[Numpy-discussion] Numpy float precision vs Python list float issue
Charles R Harris
charlesr.harris@gmail....
Mon Apr 20 11:03:39 CDT 2009
On Mon, Apr 20, 2009 at 9:49 AM, Rob Clewley <rob.clewley@gmail.com> wrote:
> On Mon, Apr 20, 2009 at 10:48 AM, David Cournapeau
> <david@ar.media.kyoto-u.ac.jp> wrote:
> > Rob Clewley wrote:
> >> David,
> >>
> >> I'm confused about your reply. I don't think Ruben was only asking why
> >> you'd ever get non-zero error after the forward and inverse transform,
> >> but why his implementation using lists gives zero error but using
> >> arrays he gets something of order 1e-15.
> >>
> >
> > That's more likely just an accident. Forward + inverse = id is the
> > surprising thing, actually. In any numerical package, if you do
> > ifft(fft(a)), you will not recover a exactly for any non trivial size.
> > For example, with floating point numbers, the order in which you do
> > operations matters, so:
> <SNIP ARITHMETIC>
> > Will give you different values for d and c, even if you "on paper",
> > those are exactly the same. For those reasons, it is virtually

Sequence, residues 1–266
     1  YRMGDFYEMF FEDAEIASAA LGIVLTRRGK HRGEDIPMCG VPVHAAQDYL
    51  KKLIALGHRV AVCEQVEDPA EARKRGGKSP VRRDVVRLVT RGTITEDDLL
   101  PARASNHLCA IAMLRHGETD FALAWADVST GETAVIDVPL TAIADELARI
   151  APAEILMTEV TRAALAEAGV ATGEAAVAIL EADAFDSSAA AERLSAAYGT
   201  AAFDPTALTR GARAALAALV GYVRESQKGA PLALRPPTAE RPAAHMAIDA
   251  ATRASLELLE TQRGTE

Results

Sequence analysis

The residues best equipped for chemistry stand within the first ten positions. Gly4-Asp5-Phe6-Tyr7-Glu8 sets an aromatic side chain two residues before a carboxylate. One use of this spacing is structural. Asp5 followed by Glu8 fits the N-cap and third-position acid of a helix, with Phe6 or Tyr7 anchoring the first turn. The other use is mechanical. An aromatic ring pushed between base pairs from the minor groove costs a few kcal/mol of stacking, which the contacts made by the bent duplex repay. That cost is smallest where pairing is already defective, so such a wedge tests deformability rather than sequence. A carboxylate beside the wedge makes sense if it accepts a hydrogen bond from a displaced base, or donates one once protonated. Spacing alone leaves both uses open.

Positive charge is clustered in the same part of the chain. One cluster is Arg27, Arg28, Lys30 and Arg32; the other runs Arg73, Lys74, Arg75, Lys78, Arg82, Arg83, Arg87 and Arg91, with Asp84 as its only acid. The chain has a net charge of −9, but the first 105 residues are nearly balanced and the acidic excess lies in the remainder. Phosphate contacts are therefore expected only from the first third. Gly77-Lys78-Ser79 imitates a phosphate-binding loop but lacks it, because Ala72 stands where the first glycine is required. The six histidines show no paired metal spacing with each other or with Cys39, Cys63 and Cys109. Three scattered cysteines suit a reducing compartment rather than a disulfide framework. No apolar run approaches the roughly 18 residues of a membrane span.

> > impossible to have exactly the same values for two different
> > implementations of the same algorithm. As long as the difference is
> > small (if the reconstruction error falls in the 1e-15 range, it is
> > mostly likely the case), it should not matter,
>
> I understand the numerical mathematics behind this very well but my
> point is that his two algorithms appear to be identical (same
> operations, same order), he simply uses lists in one and arrays in the
> other. It's not like he used vectorization or other array-related
> operations - he uses for loops in both cases. Of course I agree that
> 1e-15 error should be acceptable, but that's not the point. I think
> there is legitimate curiosity in wondering why there is any difference
> between using the two data types in exactly the same algorithm.
>
Well, without an example it is hard to tell. Maybe the print formats are
different precisions and the list values are just getting rounded.
Chuck
<snip>
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